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The Lecanium Scale insect is common on many types of trees and is prevalent on fruit trees. The appearance of Lecanium scale is dark crusty bumps, thick, white waxy bumps, or clusters of scaly bumps on stems and the undersides of leaves. The bumps can often be scraped off with a dull knife, and the underside of the bumps is normally a softer material. When a tree is infected with Lecanium scale, it is very common to see a shiny, sticky substance on the leaves. This material is called honeydew and is an undigested sugar substance that is secreted by the scale insect. In certain climates, the honeydew becomes a prime-growing medium for black, sooty mold.
Lecanium scale lay their eggs on the woody material of the tree. In the spring to mid-summer, the juvenile nymphs emerge and begin sucking sap from the plant. Shortly afterwards, the nymphs permanently affix themselves to the tree and form a crusty or waxy protective shell over their bodies. During the lifecycle of scale insects, their only movement is during their nymph period.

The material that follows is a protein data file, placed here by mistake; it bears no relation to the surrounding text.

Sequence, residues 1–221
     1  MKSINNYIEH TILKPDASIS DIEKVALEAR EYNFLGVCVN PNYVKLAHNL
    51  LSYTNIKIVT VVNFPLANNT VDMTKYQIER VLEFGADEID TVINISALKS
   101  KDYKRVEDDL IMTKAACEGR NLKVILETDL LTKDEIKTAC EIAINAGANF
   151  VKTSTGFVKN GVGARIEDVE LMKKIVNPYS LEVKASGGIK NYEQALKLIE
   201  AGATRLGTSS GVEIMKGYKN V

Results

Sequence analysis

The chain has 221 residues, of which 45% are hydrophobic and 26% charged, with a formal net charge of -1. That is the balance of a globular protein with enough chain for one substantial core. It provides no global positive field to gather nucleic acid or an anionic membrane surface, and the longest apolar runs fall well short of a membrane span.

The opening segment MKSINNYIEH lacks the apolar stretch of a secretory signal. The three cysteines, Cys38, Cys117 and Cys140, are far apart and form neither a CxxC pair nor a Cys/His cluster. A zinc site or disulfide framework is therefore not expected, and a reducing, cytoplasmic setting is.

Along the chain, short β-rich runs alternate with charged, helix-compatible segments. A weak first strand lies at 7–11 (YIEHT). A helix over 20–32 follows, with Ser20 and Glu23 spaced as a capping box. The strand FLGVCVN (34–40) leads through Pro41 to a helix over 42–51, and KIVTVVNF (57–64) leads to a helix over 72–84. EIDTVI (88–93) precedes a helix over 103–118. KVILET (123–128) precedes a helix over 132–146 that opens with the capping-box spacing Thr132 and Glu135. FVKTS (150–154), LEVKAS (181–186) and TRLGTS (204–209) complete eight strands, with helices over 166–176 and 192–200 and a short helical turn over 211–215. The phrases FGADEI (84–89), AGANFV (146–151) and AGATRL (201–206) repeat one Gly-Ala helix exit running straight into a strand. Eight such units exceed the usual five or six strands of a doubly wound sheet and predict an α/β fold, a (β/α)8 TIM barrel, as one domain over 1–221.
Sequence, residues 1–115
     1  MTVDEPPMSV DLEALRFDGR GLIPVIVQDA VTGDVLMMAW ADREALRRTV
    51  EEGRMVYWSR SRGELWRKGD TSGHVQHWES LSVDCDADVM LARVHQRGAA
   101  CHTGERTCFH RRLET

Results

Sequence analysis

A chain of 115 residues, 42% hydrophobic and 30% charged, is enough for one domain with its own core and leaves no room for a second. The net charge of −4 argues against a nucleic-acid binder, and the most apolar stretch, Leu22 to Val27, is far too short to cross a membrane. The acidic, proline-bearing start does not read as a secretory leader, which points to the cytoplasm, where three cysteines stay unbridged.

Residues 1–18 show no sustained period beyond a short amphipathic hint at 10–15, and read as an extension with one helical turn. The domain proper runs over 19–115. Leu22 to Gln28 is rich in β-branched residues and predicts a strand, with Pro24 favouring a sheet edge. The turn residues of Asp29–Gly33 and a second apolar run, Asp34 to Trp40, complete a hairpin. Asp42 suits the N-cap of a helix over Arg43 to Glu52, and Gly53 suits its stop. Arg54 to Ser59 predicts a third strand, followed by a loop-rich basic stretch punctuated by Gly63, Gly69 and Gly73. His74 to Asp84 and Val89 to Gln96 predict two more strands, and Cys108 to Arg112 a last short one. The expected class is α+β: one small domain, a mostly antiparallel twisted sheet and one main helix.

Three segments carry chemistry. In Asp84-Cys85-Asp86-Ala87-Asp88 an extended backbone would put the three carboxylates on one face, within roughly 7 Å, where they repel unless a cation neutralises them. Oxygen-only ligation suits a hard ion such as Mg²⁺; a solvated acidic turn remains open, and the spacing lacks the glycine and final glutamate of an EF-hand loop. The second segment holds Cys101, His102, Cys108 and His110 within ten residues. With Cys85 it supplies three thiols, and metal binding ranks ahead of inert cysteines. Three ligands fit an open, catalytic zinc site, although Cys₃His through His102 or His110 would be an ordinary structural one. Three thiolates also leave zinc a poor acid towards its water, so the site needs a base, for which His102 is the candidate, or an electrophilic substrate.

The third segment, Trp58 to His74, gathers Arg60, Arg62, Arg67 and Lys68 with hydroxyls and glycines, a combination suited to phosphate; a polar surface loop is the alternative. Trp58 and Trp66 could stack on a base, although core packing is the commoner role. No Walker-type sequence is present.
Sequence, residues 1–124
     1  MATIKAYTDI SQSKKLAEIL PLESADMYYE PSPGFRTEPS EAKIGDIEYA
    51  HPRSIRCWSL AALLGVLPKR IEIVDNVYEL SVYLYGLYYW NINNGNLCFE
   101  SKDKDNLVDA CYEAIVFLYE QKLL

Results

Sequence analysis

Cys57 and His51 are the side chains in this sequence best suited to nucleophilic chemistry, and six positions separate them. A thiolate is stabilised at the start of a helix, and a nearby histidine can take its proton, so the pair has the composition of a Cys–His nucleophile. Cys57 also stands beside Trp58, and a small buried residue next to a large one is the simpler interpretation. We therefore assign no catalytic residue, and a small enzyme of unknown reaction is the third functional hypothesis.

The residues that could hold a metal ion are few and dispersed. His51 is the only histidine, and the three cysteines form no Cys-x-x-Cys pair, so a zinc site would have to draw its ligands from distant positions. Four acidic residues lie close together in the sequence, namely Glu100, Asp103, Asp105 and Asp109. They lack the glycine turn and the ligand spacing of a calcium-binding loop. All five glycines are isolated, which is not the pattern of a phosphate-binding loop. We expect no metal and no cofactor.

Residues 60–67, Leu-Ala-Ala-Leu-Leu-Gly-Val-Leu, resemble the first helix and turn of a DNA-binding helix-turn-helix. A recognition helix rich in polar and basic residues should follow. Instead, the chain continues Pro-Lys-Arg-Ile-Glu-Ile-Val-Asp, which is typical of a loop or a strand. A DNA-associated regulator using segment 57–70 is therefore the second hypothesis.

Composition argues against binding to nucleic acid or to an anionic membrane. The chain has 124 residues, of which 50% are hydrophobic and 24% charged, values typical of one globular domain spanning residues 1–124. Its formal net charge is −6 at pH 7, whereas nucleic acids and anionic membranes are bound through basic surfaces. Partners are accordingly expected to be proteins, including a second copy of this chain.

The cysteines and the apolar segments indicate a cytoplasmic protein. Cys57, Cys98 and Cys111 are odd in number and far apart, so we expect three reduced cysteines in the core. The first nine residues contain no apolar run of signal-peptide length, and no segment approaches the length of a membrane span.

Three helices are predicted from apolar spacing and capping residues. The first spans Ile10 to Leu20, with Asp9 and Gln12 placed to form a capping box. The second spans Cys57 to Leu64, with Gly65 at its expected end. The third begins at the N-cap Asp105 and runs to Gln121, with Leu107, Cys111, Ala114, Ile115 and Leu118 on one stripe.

Scale damages trees by sucking sap from the trees vascular system, denying the tree vital nutrients. If uncontrolled, a major infestation can kill a tree in two to three seasons.
To control scale insects effectively and limit damage, Horticultural Oil Insect Spray should be sprayed on the tree in late winter and again before spring bud break. The Horticultural oil serves to suffocate the scale and eggs. In the spring, if the crawling nymphs are present, spray the trees with Bug Buster Pyrethrin Insect Spray to prevent the new nymphs from further infecting the tree.